From the start of her career, singer-songwriter Amber Bain – AKA The Japanese House – has been told that she’s an enigma. Starting out in 2015 with a handful of anonymous EPs (some believed that the moniker, the name of a Cornwall holiday home she visited as a child, was even the side project of The 1975’s Matty Healy), her densely layered harmonies and warped instrumentals gave the music an obscure quality that made the so-called elusive artist hard to place.
But her debut album, 2019’s ‘Good At Falling’, was a chance to show just how vulnerable – and visible – Bain could be. Recounting the timeline of a cherished relationship with heart-wrenching candour, the singer reaffirmed that “there’s nothing about me that’s mysterious,” as she insisted to NME at the time, declaring: “I’m literally here talking about how I don’t have sex anymore in my relationship!” If that wasn’t plain enough, 2020 EP ‘Chewing Cotton Wool’ featured a topless self-portrait of Bain, a powerful statement on their gender, with the singer recently sharing in a press statement that they’ve “always wondered whether I’m trans or non-binary”.
Second album ‘In The End It Always Does’ sees Bain step even further into the light, born out of several big life events – moving to Margate for an ex, being in a throuple and the breakdown of those relationships. But while emotional ache lingers heavy on the new tracks, a much warmer complexion colours them. Branching out from her avant electro-pop roots, tracks like ‘Boyhood’ and ‘Touching Yourself’ trade the oppressive reverb that trembled through her debut for spry melodies that ripple against Bain’s witty contradictions (“I know I shouldn’t need it but I want affection / I know I shouldn’t want it but I need attention”). ‘Friends’, meanwhile – which is, not at all ambiguously, about threesomes – is a delightfully springy mish-mash of autotune and scrambled samples.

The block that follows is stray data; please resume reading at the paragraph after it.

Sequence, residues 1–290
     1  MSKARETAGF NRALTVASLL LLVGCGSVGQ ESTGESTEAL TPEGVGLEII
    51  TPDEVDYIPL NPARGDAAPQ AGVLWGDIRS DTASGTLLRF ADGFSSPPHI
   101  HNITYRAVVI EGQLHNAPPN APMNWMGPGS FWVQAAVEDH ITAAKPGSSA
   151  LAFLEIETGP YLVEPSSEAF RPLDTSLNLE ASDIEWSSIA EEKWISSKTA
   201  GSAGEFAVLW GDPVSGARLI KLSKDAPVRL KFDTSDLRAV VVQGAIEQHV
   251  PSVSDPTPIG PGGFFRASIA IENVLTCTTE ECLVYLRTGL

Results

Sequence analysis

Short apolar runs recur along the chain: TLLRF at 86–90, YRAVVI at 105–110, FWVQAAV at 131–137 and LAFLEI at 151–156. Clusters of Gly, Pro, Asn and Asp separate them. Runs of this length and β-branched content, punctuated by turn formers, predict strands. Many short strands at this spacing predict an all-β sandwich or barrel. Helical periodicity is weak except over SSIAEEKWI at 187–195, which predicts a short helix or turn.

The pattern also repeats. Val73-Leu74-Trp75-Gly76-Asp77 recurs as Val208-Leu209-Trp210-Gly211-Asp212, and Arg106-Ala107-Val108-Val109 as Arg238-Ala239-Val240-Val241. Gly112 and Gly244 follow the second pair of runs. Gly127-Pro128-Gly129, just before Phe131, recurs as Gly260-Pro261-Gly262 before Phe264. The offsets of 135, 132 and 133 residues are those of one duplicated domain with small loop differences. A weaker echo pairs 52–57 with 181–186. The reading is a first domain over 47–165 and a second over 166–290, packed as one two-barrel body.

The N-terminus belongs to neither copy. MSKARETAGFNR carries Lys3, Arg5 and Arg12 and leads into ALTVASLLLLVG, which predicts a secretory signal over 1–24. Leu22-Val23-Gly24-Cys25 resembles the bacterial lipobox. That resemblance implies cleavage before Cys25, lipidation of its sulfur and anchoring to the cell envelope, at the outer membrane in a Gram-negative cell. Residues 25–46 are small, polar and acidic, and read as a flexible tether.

One of the biggest shifts, though, is Bain’s relationship with her own voice, which she refrains from cloaking in post-production tricks. From her bittersweet hum on the golden hour-bathed ‘Sunshine Baby’, (featuring backing from labelmate Healy), the indie-pop inflections of ‘Sad To Breathe’ or the sheer fragility of ‘One For Sorrow, Two For Joni Jones’, Bain has never sounded more lucid.
While the timid instrumentals of ‘Baby Goes Again’ and ‘You Always Get What You Want’ fly slightly under the radar, broader contributions from a small trusted circle – long-term musical collaborator George Daniel from The 1975, MUNA’s Katie Gavin (‘Morning Pages’), Bon Iver’s Justin Vernon and producer/ engineer Chloe Kraemer – brings some distinctive new finishing touches.
If Bain’s lyrics are poised to pull you one way on ‘In The End It Always Does’, her voice and instrumentals yank you back in the other direction – it’s disorientating, dizzying and utterly intoxicating. If there’s one thing that the second Japanese House album reaffirms – it’s that the artist never surrenders any less than her whole self to the process.